What is the best coaching for droppers

Buy a surfboard - advice from a professional coach's point of view

Buying the right surfboard is always a challenge, regardless of whether it is the first or the tenth. Often it ends with a wrong decision. With the wrong surfboard you will block your progress and skills. So that this doesn't happen to you, one of the most sought-after professional surf coaches in Europe explains how to find the right board. Namely, the one with which you become the best possible surfer. Based on the case of the surfer “Average Joe”, this article tells you what you absolutely have to watch out for. Reading is worthwhile for everyone, regardless of whether you are learning to surf or have been with it for years.

Martin Walz

Martin Walz is the only internationally established professional surf coach in Germany. Among other things, he is part of the trainer team of the Olympia Surf Team of the German Surfing Association. In addition, he regularly coaches surfers at QS top level. Martin is a sports scientist with a master's degree in sports psychology. He spent 3 years as a research fellow at Surfing Australia.

Average Joe wants to buy a new surfboard

Average Joe (AJ) is an ambitious recreational surfer. He has been surfing for several years and now wants to buy a surfboard that suits him and his surfing level. He has already received all sorts of information about buying the right surfboard from friends, surf instructors, surf shops and Google. Unfortunately, these contradict each other and Joe has the impression that some of the advisors either don't really have a clue themselves or want to talk him into something.

Another guide to board buying Joe could now list all models for 2019. In addition, he could then define the advantages and disadvantages and then make a purchase recommendation. With this approach, however, AJ would very likely not be able to buy a sensible board. Like most of us, he has one pretty romantic idea of ​​his own skills (Sorry, the truth is tough sometimes). This inner image leads him unconsciously to buy surfboards that are too short, too thick, too pointed, etc.

Another mistake Joe could make is deliberately buying the wrong surfboard because he hopes to be good enough for his board in the medium term. That then is a self-destructive prophecy. The fact is that the wrong board will not make you a better surfer. It just makes you stagnate in your skills and robs you of a lot of joy.

You will soon find out why this is so. As well as what a board needs to look like to maximize AJ's capabilities.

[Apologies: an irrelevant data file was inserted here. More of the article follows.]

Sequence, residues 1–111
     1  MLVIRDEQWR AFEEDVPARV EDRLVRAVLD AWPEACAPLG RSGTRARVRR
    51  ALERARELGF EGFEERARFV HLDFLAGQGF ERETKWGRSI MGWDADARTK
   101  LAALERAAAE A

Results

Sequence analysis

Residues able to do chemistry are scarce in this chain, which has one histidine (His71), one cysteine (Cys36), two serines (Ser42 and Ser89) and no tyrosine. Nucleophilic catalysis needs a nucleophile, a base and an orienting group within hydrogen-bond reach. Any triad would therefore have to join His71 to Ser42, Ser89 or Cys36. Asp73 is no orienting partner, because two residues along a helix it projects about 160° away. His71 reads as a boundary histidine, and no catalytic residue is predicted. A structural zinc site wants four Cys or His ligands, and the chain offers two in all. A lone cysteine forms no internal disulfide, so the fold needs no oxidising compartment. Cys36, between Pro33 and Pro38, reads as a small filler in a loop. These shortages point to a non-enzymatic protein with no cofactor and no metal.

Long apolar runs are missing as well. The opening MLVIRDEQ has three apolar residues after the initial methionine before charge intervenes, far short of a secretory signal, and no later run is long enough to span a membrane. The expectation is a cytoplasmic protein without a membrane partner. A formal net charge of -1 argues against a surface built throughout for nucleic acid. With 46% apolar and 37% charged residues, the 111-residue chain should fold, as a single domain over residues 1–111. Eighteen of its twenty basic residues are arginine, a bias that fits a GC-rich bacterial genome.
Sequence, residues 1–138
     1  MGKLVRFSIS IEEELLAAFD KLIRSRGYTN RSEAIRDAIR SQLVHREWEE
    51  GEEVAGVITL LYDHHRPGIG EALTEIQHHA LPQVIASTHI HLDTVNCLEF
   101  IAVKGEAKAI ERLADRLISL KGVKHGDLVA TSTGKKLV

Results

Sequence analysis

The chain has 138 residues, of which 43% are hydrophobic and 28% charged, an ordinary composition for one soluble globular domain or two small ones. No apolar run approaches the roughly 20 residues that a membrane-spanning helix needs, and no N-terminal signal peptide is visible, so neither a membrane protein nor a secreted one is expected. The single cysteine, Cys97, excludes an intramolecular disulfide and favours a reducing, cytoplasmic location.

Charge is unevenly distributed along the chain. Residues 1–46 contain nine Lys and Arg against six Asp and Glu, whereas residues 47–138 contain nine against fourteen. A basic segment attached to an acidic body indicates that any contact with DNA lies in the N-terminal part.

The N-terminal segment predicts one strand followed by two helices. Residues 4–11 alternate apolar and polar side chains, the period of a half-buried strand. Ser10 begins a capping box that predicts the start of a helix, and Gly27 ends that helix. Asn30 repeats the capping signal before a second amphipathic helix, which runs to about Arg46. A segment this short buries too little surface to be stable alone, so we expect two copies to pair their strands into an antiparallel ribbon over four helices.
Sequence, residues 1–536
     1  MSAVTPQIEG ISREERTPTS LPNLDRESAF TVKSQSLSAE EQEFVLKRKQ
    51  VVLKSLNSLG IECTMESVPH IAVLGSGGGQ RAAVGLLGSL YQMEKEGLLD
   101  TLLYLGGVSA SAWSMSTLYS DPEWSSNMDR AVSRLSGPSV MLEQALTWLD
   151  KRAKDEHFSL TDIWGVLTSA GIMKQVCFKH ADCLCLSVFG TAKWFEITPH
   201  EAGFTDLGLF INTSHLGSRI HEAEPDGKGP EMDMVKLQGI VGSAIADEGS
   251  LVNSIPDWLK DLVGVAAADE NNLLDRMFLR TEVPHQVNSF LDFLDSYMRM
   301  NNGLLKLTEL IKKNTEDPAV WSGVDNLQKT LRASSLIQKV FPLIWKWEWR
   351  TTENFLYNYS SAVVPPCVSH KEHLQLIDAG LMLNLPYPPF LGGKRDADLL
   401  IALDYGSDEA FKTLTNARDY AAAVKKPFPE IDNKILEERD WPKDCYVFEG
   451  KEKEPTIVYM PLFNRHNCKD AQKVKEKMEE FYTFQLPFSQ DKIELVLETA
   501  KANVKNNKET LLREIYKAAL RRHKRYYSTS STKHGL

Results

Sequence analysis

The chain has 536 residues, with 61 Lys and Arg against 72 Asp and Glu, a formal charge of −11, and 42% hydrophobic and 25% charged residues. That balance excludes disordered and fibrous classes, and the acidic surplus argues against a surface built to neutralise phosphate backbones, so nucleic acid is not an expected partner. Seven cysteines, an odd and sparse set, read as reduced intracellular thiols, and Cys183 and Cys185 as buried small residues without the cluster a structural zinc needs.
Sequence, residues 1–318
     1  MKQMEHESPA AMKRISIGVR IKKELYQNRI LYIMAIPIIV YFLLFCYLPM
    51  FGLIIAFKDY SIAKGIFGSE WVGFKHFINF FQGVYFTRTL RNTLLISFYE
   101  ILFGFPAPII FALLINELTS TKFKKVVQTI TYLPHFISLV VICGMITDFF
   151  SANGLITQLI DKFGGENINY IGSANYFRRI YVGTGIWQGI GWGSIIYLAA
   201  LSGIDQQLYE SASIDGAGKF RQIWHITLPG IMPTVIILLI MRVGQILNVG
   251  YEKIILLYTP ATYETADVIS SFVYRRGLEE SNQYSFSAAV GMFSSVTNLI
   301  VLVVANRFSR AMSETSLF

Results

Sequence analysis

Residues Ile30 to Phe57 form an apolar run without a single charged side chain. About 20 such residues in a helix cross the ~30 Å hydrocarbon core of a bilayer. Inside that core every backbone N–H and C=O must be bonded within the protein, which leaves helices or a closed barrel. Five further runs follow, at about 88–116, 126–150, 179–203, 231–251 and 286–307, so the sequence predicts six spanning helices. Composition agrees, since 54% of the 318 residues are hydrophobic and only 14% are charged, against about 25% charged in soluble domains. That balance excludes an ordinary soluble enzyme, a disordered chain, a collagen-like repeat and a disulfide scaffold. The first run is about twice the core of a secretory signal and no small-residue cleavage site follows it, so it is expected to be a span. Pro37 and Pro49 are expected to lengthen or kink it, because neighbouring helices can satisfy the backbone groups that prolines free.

The right surfboard helps to overcome performance plateaus

How is the stagnation of surfing skills related to the choice of surfboards for the 4-6 week surfing vacation a year? The aim of this post is to answer that question and provide an understanding of how Joe's long-term surfing performance depends on his surfboard purchase. And show you what to look out for when you want to buy a surfboard and what you can safely neglect.

Paddler, dropper or surfer? The context for the recreational surfer

We call it surfing, but most of the time we're just paddling. Let's take some time to put this thought into numbers. How much does Joe actually surf in a session, a week, a year? And by that I really mean surfing. Waves that belong to him, that stay open, that don't just consist of a drop and that he doesn't mess up after 10 meters with a driving mistake.

In a 60 minute surf session, AJ paddles about 30 minutes of his time. He sits in the water for another 18 minutes. The time he spends standing and surfing on the surfboard is only 1-3 minutes, the remaining 10 minutes he goes "over-the-falls", starts waves that he cannot get, swims and swallows water or drops others purely.

In other words, it is a challenge for AJ to really surf more than 2 waves in 60 minutes. After that he is mostly tired and not much is possible. Or the tide has changed and the onshore wind comes and statistically there are fewer and fewer waves that AJ could surf in the line-up.

If one also assumes that in 7 days of surfing vacation there are an average of 1.9 days +/- 0.9 days of surfable wave conditions, then AJ with 4 weeks of surfing vacation per year comes to an average of 7.6 days + - 3.1 days. With around 10 years of recreational surfing, that makes around 100 good days with an average of 2-4 waves surfed. That is around 300 waves surfed in 10 years.